“Beyond Manapouri is an important, highly readable and hard-hitting book”

Beyond Manapouri cover webI am thrilled with Shaun Barnett’s review of “Beyond Manapouri: 50 years of environmental politics” in this month’s Backcountry Magazine, particularly given that Shaun himself is such a talented and well-respected writer of NZ non-fiction.

His review concludes:

“Knight writes succinctly, clearly and convincingly. Continue reading

‘Beyond Manapouri’ is a must-read for all landscape architects and planners

“Reading this book will likely change your perception of the New Zealand environment.  It is a must-read for all New Zealand landscape architects, planners, resource management lawyers and indeed all New Zealanders that want to achieve a better future for their children and their children’s children.”

This was the conclusion of Peter Kensington, planner and landscape architect in a recent review of Beyond Manapouri: 50 years of environmental politics in New Zealand (Canterbury University Press).

Madi and Beyond Manapouri

Madi Kensington, aged 11 years old, also reviewed the book, and concluded:

“This book perfectly explains how New Zealand has changed its view on the environment many times over the past 50 years. In the early days, our environment was regarded as something our government didn’t need to worry about, but as the years wore on, things started getting more serious. Knight has explained these issues with perfectly-worded descriptions and given real examples, making for convincing reading.”

To read the full review go to the Landscape Architecture Aotearoa website.

Ikawai: a revelation

lamphrey
A lamprey or pirahau. Photo by Stephen Moore, Department of Conservation

I came to the world of Ikawai rather late. I had dipped into the hefty 800 page volume some time back. What I read was very interesting, but thinking that it was basically an encyclopedia about fish, I had not ventured much further than the introductory chapters.

Recently, my interest in the impact of acclimatisation on Maori led me back to the book. What a revelation! Well actually a series of them. Continue reading

Wild rivers

rafting
River rafting. Source: http://www.riverrats.co.nz

I recently had the great pleasure to read John Mackay’s book “Wild rivers”, published in 1978, in which he recounts with remarkable descriptive detail the rafting adventures he and his mates had during the 1970s. He describes adventures on the Upper Buller Gorge, the middle Clarence, the Motu, the Wanganui, and the Karamea – all undertaken on home-made rafts, constructed using inner tyre tubes, timber and ropes, with accessories such as life-jackets either borrowed or improvised. Continue reading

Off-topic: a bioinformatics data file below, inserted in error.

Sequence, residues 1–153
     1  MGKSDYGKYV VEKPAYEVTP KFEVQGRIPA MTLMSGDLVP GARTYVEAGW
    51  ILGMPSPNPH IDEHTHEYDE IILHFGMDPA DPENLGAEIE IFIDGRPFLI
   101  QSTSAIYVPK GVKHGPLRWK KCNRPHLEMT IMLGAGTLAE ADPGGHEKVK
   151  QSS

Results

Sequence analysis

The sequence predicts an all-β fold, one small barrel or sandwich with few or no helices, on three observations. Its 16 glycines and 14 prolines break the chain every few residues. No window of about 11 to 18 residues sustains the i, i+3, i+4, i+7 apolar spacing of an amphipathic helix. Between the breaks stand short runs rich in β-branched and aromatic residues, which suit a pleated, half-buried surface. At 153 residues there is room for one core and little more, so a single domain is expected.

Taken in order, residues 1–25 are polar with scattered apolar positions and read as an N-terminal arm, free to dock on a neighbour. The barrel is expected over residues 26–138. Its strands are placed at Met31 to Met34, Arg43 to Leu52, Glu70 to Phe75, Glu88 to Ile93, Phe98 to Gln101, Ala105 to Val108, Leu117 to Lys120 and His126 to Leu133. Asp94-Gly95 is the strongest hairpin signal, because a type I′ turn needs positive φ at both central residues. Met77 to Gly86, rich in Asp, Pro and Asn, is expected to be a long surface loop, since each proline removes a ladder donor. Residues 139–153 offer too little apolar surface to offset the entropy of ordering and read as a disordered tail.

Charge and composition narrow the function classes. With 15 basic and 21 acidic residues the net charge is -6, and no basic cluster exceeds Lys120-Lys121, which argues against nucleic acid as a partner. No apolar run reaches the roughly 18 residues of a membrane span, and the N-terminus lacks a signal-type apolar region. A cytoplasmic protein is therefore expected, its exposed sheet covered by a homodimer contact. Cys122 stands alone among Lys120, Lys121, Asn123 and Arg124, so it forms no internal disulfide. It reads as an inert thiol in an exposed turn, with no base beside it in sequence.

Review: Home in the Howling Wilderness

Holland Howling WildernessPeter Holland’s recently published Home in the Howling Wilderness is a valuable addition to the repository of literature and knowledge relating to New Zealand’s environmental history.

Holland, Professor Emeritus of Geography at the University of Otago, focuses on the first half century of organised settlement (1840 to 1890) of the lower South Island of New Zealand.

He has meticulously researched the ways in which early settlers learned about, and responded to  the challenges of this unfamiliar environment, drawing on farmers’ dairies, letter books, ledgers, newspaper articles and other available sources. Continue reading

Nature and the English Diaspora: Environment and History in the US, Canada, Australia, and NZ

nature-and-the-english-diasporaA little while ago, I read a reference to the book Nature and the English Diaspora: Environment and History in the United States, Canada, Australia, and New Zealand, by Thomas R. Dunlap, which was published back in 1999. I don’t have a copy of this book, and not many libraries hold it, so I was keen to find out what the reviews were at the time. However, I was not able to find one single review through my friend, the usually highly reliable Mr Google.

Luckily, I was able to ascertain that New Zealand environmental historian Paul Star had done a review of the book for the journal Australian Historical Studies in 2000, and he has kindly given me his permission to reproduce a version of it here. This review is written from the perspective of a New Zealand scholar of environmental history, so is particularly useful for Antipodeans. Continue reading

What is environmental history? (no. 2)

Arbour Day at Rata School 1894Recently I read J. Donald Hughes’ “What is Environmental History?” This is an excellent little introductory book, aimed primarily at those relatively new to environmental history  – whether it be students, those specialising in other disciplines, or non-scholars who have an interest in environmental history. Having never studied environmental history in a formal setting myself, the book provided useful context.

The book is very accessible and unthreatening to even the non-academically inclined in its content as well as its slimness – “models”, “paradigms” or “axioms” are rarely mentioned, and “post-modernism” is only mentioned once, as I recall! Continue reading